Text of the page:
Alzheimer’s Society has partnered with the Birmingham County FA to offer help and support to any member of the football family who has been diagnosed with dementia or caring for a loved one within Birmingham, Warwickshire and The Black Country.
The new referral pathways into Alzheimer’s Society services make it easier and quicker for players, coaches, referees and volunteers across the West Midlands to access support or guidance needed when concerns arise about themselves or a loved one.
Participants will benefit from practical and emotional support from Alzheimer’s Society frontline specialists, helping them live well with dementia while preparing better for the future. Alzheimer’s Society services have been used more than 4.2 million times in the past year across the UK, proving to be a lifeline for thousands. Birmingham County FA are responsible for the promoting, developing and governing football within their boundary and their 1,100 clubs and 5,100 teams.
Birmingham County FA Facility & Investment Lead, Joe Robinson said “The partnership with Alzheimer’s Society will enable us to better support our employees, referees and those who play, coach and volunteer when concerns are raised. Anyone involved with football across the Region can be referred towards the Alzheimer’s Society for memory assessments, further support and guidance.”
“I became a Dementia Champion and wanted to lead on this programme to increase awareness so anyone across the West Midlands football sphere knows where to turn if they want guidance for themselves, a friend or relative. Having first-hand support is vital when navigating through the dementia journey, and Birmingham County FA is happy to be that first comforting and supportive contact for anyone within our local football community.
“Not everyone with symptoms seeks a memory assessment or guidance soon enough, but we hope this acts as an extra pathway for people in the area to step forward. Admitting you have concerns and seeking an assessment is daunting and often put-off for too long. But if a person’s first discussion is with Birmingham County FA in an environment that they already feel comfortable in, it may encourage or reassure them about the process.
“Many people fear going to a doctor and medical settings can be overwhelming. This initiative will allow people to have difficult but necessary initial conversations with fellow football people in a relaxed environment.”
“Professional Football Clubs across the West Midlands are also doing a lot to support those living with Dementia and related conditions. If you’d like to find out more about these services, then you can do so by contacting firstname.lastname@example.org.”
Emma Ruscoe lives with her husband Simon in the West Midlands, Simon is a football enthusiast who was diagnosed with young onset dementia in 2020, they both welcome this initiative.
Emma said, “Hopefully this new scheme will help broaden the conversation about dementia and challenge the idea that it only affects older people. Simon has young onset dementia and was diagnosed in his early fifties. The link with sport might make it easier for people to chat about their symptoms and get the help and support they need sooner.”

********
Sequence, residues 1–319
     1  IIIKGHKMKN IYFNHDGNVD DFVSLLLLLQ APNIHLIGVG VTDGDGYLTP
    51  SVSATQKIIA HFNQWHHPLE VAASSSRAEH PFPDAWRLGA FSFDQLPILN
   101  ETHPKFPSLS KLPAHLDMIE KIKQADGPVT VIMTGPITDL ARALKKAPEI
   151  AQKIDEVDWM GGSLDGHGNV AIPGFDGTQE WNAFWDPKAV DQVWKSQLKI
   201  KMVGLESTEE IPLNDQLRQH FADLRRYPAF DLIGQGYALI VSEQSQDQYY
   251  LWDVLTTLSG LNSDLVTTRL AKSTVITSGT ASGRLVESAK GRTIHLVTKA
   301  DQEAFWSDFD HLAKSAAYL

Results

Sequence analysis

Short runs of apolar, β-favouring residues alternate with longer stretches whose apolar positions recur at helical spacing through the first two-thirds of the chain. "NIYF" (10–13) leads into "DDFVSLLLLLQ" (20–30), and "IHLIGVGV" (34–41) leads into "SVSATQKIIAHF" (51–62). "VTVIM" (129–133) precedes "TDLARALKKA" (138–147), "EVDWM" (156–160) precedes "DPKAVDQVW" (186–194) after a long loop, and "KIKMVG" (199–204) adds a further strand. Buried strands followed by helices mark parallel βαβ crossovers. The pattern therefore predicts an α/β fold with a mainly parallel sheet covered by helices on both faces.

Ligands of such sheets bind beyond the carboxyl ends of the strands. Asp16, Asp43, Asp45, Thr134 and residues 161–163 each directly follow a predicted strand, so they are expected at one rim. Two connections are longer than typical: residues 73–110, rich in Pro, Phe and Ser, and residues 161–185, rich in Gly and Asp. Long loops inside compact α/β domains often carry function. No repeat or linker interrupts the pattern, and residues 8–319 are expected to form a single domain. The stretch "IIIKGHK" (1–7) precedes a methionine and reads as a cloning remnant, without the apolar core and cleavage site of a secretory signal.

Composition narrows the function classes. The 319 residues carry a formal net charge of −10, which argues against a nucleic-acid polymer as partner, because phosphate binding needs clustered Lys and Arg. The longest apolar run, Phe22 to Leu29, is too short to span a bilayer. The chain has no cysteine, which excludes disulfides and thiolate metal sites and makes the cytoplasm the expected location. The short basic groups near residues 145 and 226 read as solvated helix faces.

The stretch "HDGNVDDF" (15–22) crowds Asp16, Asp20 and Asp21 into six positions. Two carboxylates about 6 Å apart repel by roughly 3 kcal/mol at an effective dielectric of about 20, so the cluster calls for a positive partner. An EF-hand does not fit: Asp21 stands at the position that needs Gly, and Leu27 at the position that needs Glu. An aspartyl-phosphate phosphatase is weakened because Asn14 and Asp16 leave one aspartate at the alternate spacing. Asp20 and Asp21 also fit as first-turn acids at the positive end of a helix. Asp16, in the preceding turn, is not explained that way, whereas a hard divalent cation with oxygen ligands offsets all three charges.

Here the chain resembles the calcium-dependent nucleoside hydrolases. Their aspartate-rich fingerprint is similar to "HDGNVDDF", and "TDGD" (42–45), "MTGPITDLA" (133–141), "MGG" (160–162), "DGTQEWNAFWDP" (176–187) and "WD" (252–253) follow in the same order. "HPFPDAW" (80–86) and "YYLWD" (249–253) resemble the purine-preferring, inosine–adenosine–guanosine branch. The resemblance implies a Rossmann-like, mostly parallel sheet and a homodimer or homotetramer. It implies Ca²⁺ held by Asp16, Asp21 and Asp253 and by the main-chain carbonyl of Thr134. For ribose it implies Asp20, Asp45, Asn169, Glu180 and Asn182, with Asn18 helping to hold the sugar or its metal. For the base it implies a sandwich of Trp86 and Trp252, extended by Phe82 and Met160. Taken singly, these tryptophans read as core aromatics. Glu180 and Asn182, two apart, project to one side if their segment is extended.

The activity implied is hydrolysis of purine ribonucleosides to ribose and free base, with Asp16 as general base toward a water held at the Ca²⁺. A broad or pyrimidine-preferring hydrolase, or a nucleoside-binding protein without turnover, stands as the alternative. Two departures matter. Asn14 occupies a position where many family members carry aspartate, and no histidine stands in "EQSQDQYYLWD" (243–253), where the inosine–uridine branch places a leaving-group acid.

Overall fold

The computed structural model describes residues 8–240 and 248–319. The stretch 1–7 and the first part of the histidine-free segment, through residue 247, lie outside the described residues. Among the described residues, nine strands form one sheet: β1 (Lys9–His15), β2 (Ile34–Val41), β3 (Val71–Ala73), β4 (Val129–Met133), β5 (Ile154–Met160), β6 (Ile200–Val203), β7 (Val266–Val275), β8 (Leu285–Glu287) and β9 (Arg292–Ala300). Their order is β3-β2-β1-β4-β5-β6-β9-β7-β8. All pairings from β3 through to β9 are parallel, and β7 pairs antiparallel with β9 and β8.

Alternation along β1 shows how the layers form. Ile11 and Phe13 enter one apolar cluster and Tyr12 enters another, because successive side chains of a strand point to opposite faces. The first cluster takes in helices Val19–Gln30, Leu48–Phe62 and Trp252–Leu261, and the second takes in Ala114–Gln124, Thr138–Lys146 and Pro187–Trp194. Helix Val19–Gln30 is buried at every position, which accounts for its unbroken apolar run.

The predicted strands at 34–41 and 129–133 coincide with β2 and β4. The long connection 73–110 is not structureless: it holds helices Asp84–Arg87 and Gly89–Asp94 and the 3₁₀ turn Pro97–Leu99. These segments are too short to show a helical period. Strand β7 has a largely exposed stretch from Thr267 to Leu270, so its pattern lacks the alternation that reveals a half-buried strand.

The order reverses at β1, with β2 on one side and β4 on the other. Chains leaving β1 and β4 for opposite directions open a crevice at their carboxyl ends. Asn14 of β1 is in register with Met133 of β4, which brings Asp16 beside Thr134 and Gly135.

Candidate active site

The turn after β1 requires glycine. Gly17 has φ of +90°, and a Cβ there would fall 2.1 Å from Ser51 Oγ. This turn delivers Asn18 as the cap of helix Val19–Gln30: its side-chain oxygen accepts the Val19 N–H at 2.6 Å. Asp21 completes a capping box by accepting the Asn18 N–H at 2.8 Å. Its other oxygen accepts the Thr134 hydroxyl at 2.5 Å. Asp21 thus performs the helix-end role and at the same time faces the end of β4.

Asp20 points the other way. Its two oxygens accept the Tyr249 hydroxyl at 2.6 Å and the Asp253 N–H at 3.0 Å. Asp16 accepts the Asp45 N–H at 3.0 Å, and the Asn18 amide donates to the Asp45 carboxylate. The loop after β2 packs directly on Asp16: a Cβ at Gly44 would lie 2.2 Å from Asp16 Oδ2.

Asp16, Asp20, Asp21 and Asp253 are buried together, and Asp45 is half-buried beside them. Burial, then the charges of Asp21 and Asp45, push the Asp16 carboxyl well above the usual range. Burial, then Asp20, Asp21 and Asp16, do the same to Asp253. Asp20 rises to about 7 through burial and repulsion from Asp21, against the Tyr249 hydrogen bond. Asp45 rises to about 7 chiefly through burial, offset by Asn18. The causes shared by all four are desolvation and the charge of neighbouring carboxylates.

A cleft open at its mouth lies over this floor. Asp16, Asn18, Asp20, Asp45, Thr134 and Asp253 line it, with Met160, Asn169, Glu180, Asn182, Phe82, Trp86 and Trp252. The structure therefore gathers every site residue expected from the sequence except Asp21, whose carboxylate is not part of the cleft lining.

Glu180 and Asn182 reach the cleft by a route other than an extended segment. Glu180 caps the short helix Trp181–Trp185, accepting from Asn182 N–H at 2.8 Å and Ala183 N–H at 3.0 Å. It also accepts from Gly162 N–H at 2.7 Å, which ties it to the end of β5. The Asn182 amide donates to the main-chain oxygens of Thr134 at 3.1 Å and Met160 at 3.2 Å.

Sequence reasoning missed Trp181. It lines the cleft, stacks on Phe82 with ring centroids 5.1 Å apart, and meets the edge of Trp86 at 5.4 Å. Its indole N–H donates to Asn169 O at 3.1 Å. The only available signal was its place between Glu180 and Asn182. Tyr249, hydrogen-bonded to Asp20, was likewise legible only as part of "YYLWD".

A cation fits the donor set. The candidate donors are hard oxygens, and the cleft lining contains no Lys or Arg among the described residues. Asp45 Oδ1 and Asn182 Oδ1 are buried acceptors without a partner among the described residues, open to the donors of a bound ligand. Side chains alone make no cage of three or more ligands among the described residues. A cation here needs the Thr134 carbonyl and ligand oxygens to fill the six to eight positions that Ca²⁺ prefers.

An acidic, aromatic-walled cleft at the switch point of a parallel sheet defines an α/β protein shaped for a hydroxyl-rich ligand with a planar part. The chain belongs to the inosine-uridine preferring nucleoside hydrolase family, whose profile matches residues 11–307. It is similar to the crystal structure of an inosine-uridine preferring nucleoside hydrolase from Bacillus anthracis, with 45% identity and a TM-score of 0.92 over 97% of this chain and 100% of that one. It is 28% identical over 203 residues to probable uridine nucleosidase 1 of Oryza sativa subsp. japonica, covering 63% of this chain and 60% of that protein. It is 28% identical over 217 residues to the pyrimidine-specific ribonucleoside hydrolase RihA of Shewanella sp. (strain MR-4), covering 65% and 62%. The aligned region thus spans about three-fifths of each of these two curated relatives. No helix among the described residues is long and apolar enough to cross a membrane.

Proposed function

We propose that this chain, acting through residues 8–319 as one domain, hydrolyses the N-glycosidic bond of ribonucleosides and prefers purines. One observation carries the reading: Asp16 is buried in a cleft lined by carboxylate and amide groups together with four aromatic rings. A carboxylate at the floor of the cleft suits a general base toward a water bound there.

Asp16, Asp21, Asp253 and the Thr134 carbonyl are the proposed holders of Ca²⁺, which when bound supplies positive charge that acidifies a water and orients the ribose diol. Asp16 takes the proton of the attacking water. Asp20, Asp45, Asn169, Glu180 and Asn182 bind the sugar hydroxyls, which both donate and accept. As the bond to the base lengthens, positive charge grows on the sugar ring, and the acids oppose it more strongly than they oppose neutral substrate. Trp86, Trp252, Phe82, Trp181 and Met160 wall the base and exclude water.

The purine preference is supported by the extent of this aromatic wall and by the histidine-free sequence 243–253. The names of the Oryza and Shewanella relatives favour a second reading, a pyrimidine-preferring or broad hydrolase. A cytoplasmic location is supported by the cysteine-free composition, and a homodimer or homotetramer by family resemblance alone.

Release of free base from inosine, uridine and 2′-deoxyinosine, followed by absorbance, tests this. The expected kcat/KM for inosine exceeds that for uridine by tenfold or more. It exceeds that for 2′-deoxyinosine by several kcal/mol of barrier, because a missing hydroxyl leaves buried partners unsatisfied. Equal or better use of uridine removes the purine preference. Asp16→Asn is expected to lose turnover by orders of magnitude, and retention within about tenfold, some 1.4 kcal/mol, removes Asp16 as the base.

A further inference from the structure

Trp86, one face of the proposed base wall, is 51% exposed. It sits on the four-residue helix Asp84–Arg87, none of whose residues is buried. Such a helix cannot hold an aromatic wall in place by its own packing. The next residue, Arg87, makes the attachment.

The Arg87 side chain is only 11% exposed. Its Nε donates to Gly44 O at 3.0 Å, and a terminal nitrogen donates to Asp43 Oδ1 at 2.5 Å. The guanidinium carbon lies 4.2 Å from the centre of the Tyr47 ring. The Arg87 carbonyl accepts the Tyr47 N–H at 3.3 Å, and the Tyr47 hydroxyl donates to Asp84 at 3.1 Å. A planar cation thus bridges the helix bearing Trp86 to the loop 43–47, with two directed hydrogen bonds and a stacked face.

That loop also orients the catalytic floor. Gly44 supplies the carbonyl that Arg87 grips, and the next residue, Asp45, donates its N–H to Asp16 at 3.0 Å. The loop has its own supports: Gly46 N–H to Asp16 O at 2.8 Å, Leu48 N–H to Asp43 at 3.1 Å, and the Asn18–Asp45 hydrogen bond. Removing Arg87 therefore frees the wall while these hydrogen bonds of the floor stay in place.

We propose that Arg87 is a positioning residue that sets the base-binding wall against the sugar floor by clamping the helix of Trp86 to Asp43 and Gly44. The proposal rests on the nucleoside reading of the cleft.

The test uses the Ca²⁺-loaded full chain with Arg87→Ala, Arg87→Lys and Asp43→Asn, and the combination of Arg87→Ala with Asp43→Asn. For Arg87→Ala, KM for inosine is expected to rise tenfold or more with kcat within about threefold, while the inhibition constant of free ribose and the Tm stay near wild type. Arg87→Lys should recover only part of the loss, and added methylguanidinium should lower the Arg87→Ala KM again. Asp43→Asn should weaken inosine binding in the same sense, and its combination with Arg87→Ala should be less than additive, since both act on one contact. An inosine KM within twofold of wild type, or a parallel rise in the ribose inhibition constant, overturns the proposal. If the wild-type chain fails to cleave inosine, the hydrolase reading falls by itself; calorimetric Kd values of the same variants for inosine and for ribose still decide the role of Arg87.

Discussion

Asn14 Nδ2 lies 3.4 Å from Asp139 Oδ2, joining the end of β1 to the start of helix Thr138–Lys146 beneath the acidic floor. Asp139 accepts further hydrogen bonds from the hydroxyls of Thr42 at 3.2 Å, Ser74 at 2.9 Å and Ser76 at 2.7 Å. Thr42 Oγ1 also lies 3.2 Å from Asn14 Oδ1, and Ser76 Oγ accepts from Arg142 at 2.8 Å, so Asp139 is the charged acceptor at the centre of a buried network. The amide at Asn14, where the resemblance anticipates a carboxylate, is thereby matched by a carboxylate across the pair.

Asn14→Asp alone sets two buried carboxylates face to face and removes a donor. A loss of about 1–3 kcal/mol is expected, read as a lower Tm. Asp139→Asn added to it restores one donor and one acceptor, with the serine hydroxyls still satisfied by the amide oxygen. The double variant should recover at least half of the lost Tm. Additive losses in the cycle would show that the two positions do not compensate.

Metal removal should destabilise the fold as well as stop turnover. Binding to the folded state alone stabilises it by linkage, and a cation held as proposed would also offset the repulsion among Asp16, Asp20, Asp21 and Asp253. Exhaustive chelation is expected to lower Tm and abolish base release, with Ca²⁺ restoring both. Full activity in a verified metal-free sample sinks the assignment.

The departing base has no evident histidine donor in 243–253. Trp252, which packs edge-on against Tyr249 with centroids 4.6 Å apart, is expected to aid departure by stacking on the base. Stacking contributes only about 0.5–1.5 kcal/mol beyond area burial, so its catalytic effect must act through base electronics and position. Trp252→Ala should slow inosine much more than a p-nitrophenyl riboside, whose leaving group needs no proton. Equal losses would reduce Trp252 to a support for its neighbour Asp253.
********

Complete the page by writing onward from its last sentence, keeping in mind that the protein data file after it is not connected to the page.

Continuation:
Simon who worked in IT, has been a lifelong Aston Villa supporter and finds his interest in sport gives him a positive focus and a lot to look forward to. Simon added,
“I have always been an Aston Villa supporter. It was my dad who got me into it. Me, my dad and my brother used to go to the Villa ground together. It is a family thing for us. Our boys are both Villa fans now as well.”
“When we get tickets, I still go to games at Villa Park. I love the atmosphere football is just fantastic for me and I have always loved it. I don’t feel any different since my diagnosis. The crowd doesn’t have a negative effect on me. It’s just a big buzz.
“I’m still on a high after a game, even if we’ve lost. It’s brilliant and it makes me feel really good. I make sure I have a rest the day before as it does take a lot out of me, so it’s what we need to do for me to enjoy it. Having football in my life really helps me and gives me something to look forward to.”
Chief Executive of Alzheimer’s Society, Kate Lee, added: “Sport should be unforgettable. We want to make sure those who are part of the beautiful game are not side-lined due to their diagnosis and can continue to live fulfilled and meaningful lives by receiving the right support from day one.
“No-one should face a dementia diagnosis alone, nor suffer in silence, which is why we are proud to be working closely with Birmingham County FA to embed our services and make sure thousands more have somewhere to turn to during one of the most frightening and toughest times in their lives.”
The partnership with Alzheimer’s Society is also raising funds for support services. Alzheimer’s Society will work with The FA to provide research expertise and ensure The FA is prioritising and funding world-class research to best protect players for generations to come. The charity has also directly funded its own research with former football and rugby players, as part of the PREVENT study.
To find out more about Alzheimer’s Society’s partnership with The FA, or donate, visit alzheimers.org.uk/FA
Anyone worried about their memory can download the Alzheimer’s Society symptoms checklist, endorsed by the Royal College of GPs, to support people to get a diagnosis.